Central banks are on a gold-buying spree
Central banks have been net buyers of gold (SGOL) since the beginning of the financial crisis of 2008. Recently, their gold (GLD) buying appetite is only getting bigger. According to Atsuko Whitehouse at BullionVault, “Central banks are buying gold for their reserves at the fastest pace in 6 years.” Macquarie reports that a total of 264 tons have been added to the official-sector gold holdings in the first nine months of the year.
Russia, Turkey, and Kazakhstan are leading the pack
As usual, the central banks of Russia (RSX), Turkey, and Kazakhstan were leading the pack. However, there was an interesting twist in the tale, as some unconventional buyers are also entering the space. Macquarie stated that usually European countries (HEDJ) are sellers of gold rather than buyers. However, Poland joined its counterparts in buying gold in July, when it added 1.9 metric tons of gold (IAU) to its reserves. It again bought 7.5 metric tons of gold in August. Egypt also bought gold for the first time since 1978.
Some of the old players also re-entered the market. According to the World Gold Council (or WGC), the Reserve Bank of India (INDA) bought eight tons of gold in July and seven tons in August after an absence of close to nine years. WGC expects central banks’ demand to “remain buoyant” going forward.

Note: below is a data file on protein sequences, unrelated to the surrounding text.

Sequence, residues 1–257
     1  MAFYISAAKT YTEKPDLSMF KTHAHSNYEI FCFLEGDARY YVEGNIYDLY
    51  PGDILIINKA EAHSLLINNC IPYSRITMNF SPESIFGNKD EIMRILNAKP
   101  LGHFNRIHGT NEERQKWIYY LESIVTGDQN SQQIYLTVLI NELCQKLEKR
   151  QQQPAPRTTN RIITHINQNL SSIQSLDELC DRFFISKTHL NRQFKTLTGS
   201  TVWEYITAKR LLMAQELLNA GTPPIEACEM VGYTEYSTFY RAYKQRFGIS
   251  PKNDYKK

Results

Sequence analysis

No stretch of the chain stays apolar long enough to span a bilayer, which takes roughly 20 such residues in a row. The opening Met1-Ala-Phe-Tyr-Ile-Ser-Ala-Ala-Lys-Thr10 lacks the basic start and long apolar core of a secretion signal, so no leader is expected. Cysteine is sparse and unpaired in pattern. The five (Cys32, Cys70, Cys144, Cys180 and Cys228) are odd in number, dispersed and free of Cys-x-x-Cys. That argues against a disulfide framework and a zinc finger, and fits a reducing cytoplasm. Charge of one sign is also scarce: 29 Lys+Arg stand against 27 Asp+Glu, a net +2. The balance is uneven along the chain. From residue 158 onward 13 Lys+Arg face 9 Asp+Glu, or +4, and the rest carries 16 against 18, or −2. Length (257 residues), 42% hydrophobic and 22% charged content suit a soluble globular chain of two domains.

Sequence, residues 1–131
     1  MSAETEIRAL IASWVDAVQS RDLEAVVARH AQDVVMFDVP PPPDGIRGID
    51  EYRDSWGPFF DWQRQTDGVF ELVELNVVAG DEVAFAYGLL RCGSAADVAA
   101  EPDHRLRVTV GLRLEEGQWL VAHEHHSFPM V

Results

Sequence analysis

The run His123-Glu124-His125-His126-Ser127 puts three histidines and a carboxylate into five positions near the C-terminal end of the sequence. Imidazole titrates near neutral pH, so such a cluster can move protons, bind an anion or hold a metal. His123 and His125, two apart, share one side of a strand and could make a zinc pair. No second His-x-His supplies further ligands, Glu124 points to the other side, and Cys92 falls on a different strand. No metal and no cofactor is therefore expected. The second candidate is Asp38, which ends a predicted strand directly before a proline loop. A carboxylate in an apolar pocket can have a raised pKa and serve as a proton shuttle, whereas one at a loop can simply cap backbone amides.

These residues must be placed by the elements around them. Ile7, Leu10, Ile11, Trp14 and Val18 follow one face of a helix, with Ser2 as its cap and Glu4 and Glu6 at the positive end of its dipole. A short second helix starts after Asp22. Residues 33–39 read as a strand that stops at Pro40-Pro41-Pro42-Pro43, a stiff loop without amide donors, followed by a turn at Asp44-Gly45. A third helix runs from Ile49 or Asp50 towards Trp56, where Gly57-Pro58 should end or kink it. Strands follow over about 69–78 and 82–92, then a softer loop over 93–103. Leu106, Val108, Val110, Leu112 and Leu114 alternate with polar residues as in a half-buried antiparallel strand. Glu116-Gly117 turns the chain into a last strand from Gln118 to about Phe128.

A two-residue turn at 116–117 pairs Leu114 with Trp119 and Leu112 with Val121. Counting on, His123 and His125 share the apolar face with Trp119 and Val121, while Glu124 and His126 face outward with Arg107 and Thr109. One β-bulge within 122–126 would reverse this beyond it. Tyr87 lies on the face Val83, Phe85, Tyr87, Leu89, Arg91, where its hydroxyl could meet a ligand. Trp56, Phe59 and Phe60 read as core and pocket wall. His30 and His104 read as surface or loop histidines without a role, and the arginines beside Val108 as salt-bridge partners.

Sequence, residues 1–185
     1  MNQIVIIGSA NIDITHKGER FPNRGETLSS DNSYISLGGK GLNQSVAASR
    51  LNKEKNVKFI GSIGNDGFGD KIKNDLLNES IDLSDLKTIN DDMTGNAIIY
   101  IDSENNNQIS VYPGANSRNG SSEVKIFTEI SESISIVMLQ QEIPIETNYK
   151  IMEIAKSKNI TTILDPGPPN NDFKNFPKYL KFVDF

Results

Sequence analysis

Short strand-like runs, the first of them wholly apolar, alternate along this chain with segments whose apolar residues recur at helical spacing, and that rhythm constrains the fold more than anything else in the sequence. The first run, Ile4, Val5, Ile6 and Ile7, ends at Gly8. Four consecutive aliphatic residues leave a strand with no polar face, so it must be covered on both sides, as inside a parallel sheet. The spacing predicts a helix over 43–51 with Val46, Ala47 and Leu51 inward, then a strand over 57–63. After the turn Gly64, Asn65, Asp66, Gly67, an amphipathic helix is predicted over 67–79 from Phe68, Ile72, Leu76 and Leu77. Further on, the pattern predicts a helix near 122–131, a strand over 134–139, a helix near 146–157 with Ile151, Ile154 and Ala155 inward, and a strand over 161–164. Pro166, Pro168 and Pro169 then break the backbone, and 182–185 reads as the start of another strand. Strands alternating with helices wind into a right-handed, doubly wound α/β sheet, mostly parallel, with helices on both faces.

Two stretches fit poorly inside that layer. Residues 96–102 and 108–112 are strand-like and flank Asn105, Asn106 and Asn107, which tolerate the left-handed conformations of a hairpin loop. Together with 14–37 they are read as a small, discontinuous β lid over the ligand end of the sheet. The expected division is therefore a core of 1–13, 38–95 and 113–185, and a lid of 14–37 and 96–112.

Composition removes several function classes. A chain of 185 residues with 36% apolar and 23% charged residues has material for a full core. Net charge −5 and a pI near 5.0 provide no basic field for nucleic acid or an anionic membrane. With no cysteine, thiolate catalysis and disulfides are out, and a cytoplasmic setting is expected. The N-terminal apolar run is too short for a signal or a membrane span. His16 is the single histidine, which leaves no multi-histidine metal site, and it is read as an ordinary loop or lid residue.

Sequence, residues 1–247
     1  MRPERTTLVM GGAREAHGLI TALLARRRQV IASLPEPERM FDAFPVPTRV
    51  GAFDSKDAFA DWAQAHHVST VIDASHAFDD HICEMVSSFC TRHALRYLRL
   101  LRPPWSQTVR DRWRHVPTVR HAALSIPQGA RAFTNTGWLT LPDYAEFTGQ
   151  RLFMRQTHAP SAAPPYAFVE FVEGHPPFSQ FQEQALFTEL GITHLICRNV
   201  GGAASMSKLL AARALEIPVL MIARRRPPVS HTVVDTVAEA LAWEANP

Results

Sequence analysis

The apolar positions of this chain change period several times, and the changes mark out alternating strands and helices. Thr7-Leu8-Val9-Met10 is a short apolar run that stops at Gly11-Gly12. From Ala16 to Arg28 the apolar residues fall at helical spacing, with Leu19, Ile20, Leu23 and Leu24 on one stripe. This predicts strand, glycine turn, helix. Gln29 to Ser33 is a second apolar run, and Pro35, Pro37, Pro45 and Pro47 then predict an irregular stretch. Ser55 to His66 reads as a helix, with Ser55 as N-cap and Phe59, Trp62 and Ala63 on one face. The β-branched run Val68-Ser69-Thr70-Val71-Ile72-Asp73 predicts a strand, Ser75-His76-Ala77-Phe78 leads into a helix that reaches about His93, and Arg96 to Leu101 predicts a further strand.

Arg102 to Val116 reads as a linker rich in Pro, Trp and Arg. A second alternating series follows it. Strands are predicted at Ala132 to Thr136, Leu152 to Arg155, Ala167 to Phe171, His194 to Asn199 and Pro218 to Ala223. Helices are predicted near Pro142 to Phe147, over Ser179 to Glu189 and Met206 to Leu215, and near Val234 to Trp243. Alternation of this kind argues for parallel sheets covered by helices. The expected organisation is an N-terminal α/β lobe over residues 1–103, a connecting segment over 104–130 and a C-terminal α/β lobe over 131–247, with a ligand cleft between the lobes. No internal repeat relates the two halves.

Central bankers move to diversify
Most market participants believe that the move towards gold is due to the central bankers’ intent to diversify away from the US dollar (UUP). Russia’s gold buying activity is certainly a case in point. It has reduced its US government bond (BND) holdings by about 80% this year. More and more countries want to reduce their dependence on the US dollar and back up their debt with gold instead.
Central banks’ continuous increase in gold reserves seems to be a good omen for gold prices. Going forward, countries are expected to keep adding to their gold reserves. What’s interesting is that these two countries’ gold reserves as a proportion of their total reserves are still far below reserves of developed countries such as the United States (SPY), France, and Italy.
In the next part of this series, we’ll discuss the US dollar’s outlook based on “de-dollarization” concerns.